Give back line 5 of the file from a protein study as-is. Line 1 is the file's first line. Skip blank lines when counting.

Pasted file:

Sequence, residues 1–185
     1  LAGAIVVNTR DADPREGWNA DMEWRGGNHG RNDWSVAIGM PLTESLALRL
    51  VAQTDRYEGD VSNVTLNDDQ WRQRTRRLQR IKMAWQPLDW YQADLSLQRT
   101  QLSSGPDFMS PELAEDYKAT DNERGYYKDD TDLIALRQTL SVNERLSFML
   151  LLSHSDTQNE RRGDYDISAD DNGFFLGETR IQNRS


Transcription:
   151  LLSHSDTQNE RRGDYDISAD DNGFFLGETR IQNRS